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The Guardian Fall Team Blog

If asked to describe two things that are compatible, most people wouldn’t have much difficulty. We would probably hear a variety of responses involving such well suited pairs as salt and pepper, a screw and a screwdriver, or gasoline and an engine; the possibilities are endless.

To be compatible, two objects need to work together, at the very least without diminishing the functionality of each object independent from the other. Most frequently though, their functionality is in some way enhanced by using them in tandem.

This same exercise can be applied towards incompatibility, and similarly, there are a multitude of examples we can use to illustrate the concept. We might hear about anything ranging from oil and water, to the common cliché of a round peg in a square hole. These things don’t mix, don’t fit, and ultimately become less functional when used in combination with each other.

Understanding what is and isn’t compatible is a basic skill that helps us in many aspects of our lives, but in the world of fall protection it takes on a whole new level of importance. Because, when it comes to working at heights, being able to recognize, apply, and differentiate between compatible and incompatible connections not only can help a worker do their job, it can save their life.

Often times, when working with fall protection equipment, one’s focus is drawn primarily to each individual component of the personal fall arrest system (PFAS) needed for the given job. If the harness, lanyard or self-retracting lifeline, and anchorage connector are all present, then it might be assumed the job can be done safely and effectively.

But not so fast.

Unless each component of the PFAS is determined to be compatible with the others by a Competent Person, and each component is connected to the others in a compatible fashion, a significant risk still exists for injury to be incurred.

So, the question becomes, what does an incompatible connection look like in a PFAS? It’s not always an easy question to answer, simply because of the fact that there are so many different possible combinations of equipment (another reason why Competent Person selection of equipment is so important). If, for example, a snap hook won’t attach to a given anchorage connector due to a substantial size difference, then the incompatibility of the two devices is simple to determine. If the same snap hook is able to be attached to a different anchorage connector, however, does that automatically mean the two devices are compatible? Not necessarily. Simply being able to connect PFAS equipment doesn’t guarantee compatibility. The risk of “roll-out,” which is the risk of accidental disengagement of a connector, must always be considered prior to work beginning.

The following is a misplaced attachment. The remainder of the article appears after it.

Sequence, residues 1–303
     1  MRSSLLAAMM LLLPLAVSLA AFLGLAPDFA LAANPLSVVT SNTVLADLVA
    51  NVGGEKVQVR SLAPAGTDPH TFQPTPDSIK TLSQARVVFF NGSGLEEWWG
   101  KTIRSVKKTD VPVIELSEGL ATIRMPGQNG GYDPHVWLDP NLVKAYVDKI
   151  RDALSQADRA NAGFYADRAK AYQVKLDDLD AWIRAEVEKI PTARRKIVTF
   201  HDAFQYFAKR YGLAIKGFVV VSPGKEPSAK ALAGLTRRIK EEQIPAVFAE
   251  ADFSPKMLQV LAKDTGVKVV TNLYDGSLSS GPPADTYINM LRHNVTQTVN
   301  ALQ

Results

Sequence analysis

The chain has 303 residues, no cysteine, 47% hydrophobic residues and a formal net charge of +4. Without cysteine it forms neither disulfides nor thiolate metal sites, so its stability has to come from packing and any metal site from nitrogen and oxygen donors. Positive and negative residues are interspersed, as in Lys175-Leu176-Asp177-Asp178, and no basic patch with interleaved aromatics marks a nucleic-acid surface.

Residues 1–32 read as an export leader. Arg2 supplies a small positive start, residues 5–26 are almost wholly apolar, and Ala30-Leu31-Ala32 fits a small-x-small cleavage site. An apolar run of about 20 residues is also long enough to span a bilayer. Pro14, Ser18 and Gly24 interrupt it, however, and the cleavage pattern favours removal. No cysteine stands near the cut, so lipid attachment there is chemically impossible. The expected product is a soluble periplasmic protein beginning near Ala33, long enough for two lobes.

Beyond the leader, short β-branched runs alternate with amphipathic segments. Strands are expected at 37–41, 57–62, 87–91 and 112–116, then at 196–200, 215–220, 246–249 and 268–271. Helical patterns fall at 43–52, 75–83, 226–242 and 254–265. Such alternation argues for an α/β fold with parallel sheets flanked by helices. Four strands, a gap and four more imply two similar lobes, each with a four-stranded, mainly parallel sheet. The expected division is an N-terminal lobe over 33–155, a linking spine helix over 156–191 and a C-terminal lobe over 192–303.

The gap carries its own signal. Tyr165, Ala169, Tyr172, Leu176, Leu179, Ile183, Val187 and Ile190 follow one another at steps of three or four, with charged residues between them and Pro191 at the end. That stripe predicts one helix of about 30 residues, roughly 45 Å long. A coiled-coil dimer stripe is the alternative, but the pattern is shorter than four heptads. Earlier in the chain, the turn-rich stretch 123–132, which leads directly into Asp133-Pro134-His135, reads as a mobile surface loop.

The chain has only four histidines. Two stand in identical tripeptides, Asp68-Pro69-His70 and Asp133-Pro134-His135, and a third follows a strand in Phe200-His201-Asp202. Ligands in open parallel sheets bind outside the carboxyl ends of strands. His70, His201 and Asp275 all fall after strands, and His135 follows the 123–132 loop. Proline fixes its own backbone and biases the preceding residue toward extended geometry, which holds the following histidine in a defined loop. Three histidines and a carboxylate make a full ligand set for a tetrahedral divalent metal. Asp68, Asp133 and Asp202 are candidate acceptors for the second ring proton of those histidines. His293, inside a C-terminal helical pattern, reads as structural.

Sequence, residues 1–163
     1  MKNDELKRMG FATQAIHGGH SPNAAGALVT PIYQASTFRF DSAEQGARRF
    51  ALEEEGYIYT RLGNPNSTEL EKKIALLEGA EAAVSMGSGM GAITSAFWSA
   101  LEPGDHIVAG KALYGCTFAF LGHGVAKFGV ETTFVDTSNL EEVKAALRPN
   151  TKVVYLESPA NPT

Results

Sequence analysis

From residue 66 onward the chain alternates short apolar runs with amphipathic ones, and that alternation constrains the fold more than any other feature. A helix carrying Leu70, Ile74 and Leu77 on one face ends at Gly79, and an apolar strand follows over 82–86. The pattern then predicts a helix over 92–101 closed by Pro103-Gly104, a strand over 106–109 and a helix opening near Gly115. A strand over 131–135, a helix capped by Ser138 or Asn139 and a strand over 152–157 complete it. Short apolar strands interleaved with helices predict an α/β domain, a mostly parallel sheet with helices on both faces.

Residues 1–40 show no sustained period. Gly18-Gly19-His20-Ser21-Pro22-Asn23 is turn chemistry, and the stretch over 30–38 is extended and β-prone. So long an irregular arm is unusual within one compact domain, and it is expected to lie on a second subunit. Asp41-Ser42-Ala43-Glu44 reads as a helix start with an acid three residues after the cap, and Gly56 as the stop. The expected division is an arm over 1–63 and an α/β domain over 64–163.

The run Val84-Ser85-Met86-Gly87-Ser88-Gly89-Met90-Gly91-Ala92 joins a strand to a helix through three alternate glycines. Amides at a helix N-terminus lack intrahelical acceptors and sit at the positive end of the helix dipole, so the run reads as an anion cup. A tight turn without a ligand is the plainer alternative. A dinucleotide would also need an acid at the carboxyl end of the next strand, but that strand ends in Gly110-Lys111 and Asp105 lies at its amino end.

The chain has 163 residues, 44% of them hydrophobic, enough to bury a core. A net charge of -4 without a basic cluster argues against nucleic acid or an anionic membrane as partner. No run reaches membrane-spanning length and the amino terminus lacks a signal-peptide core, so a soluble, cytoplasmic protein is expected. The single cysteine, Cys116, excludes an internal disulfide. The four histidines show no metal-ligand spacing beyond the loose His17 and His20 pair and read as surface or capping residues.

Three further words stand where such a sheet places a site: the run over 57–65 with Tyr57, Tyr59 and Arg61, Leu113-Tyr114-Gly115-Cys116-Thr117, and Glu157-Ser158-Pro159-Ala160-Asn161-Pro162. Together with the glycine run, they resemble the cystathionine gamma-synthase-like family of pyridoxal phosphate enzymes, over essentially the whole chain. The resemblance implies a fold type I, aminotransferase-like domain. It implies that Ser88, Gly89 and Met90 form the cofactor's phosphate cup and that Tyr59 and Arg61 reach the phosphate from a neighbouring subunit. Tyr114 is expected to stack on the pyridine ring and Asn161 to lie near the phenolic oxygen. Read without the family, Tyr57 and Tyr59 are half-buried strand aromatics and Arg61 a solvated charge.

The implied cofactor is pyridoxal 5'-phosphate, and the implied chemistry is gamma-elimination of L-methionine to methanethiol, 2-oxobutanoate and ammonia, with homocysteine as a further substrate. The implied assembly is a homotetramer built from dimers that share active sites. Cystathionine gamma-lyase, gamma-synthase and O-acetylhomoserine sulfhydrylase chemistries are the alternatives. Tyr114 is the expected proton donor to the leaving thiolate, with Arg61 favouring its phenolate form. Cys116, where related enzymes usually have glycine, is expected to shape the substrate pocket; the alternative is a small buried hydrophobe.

Roll-out occurs when a connector, such as a snap hook or carabiner, is improperly sized for its attachment point; not in that it is too small, but in that the potential exists for it to be maneuvered so the attachment point places a load on the connector gate and opening mechanism. So, if a significant enough force is applied to the PFAS in a particular direction, the attachment point could cause the connector gate to open and disengage, resulting in a fall. It is critical that the Competent Person account for the risk of roll-out during their selection of equipment, and that the Authorized Person inspect for risk of roll-out prior to each use.

There are many other types of incompatible connections as well. In their fall protection regulations, the Occupational Safety and Health Administration (OSHA) lists a number of them, including the connection of snap hooks to each other, directly to webbing or rope, to a D-ring to which another connector is attached, and directly to a horizontal lifeline. OSHA does allow for the stipulation that connectors may be used in prohibited ways if specifically designed for such use by the manufacturer. The onus then, however, is placed on the manufacturer to prove their equipment is safe for such use, so unless a job absolutely requires for such a connection and the manufacturer guarantees such use is acceptable, the safest action is always avoidance.

When compatible connections are made between individual components of a PFAS, the functionality of each component is enhanced; their potential transforms from inactive to active, and they become capable of saving someone’s life. But, if these components are connected in an incompatible fashion, their active potential becomes dangerous, creating the risk of harm from a fall where it didn’t previously exist.

Always remember, when it comes to fall protection, oil and water don’t mix.